The presence of healthy fatty acids, protein, phytoestrogens as well as both soluble and insoluble fiber has contributed to its popularity.

Flaxseed (botanical name, Linum usitatissimum) is a member of the Linaceae family and is not related to the New Zealand perennial plant harakeke. Originating from India, flax is a slender looking plant, growing to about 1.2m with pale blue flowers which produce glossy brown seeds. Today most of the flaxseed is grown commercially in Canada, China, United States, India and Ethiopia. New Zealand also grows small crops of flaxseed, mainly in the South Island. There are two basic varieties of flaxseeds, brown and yellow or golden. Both have very similar nutritional characteristics and equal numbers of omega-3 fatty acids.

Benefits & Uses

Flax is used as both a food and as a fiber for textiles, known as linen. Flaxseed can be used as a nutritional superfood by eating the whole seeds, best soaked overnight for better digestibility, ground and added to smoothies, cereals or just plain yoghurt. Flaxseed oil is also available and can be taken straight from the spoon or added to salads or vegetables after cooking.

Flaxseed is a rich source of nutrients, including:

  • Omega-3 fatty acid alpha-linolenic acid (ALA)
  • Omega-6 linoleic acid
  • Lignans including phytoestrogens
  • Protein
  • Fiber, soluble and insoluble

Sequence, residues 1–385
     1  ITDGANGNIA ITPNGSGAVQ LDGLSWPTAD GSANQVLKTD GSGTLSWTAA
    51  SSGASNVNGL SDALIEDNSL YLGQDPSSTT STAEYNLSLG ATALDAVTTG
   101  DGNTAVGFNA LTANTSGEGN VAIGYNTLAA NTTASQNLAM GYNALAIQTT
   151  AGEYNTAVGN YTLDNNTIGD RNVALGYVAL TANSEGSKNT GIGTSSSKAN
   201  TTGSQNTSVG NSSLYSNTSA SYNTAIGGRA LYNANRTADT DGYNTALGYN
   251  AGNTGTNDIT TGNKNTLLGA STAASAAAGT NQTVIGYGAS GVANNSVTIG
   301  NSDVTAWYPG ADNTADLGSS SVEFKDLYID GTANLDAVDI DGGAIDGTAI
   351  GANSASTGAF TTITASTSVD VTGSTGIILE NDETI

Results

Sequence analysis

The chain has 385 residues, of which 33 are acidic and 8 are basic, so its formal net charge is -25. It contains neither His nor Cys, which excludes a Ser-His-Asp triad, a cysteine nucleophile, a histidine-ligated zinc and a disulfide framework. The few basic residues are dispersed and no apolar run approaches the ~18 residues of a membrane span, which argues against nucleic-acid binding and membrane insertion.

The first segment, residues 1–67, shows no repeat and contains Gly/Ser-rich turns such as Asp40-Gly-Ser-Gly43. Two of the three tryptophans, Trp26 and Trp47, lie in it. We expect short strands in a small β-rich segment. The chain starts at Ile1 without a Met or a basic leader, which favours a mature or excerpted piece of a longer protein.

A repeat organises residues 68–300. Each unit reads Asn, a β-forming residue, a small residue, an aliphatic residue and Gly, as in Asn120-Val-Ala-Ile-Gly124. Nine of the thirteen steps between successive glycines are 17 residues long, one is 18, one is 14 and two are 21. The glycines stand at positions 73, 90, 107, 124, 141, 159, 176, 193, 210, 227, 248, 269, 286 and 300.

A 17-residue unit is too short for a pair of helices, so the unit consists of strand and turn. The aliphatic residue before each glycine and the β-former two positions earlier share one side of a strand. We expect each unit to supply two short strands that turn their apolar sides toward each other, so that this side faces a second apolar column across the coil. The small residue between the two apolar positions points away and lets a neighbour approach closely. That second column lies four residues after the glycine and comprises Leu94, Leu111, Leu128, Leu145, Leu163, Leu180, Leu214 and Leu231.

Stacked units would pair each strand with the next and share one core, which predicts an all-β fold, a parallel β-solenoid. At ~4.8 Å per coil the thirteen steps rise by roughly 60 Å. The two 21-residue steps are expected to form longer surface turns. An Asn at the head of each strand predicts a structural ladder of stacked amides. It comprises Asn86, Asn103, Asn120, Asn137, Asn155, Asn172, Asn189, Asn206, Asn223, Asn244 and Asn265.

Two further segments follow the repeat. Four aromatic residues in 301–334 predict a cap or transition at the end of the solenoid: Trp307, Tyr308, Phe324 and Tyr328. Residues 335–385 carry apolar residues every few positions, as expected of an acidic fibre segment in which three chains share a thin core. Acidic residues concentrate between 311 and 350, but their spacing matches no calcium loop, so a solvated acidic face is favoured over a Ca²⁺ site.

• Vitamins (A, C, E, folic acid)
  • Minerals (including calcium, magnesium, potassium, phosphorus).

Joint health:

Flaxseed delivers an excellent ratio of omega-6 to omega-3 fatty acids. This is good news because omega-3 fatty acids have been shown to support healthy prostaglandin pathways, making it very beneficial for joint health.

Cardiovascular health:

The protein profile of flaxseed includes proteins that have been confirmed by research to be beneficial for a healthy cardiovascular system. The omega-3 fatty acid ALA and high fibre content in the seeds help to keep blood vessels healthy, support healthy cholesterol levels as well as blood sugar balance.

Bowel health:

Having some trouble to get good bowel motions going? Consuming flaxseeds can help to get things moving thanks to the high insoluble and soluble fibre content. Soluble fibre acts as a mucilage, drawing water into the gut, helping to soften stools and supporting regularity. Insoluble fibre not only helps to bulk the stool but also can be used as a food source for healthy gut bacteria.

Healthy weight management:

The high fibre content in flaxseed has also shown to support normal appetite and contribute to weight management.

Hormonal balance:

Lignans in flaxseed have shown to help the body to neutralise free radicals and to support hormonal balance.

Skin health:

Flaxseed is valued for its balancing effect on skin health. Research has shown that it helps to hold moisture within skin layers as well as balancing skin irritation.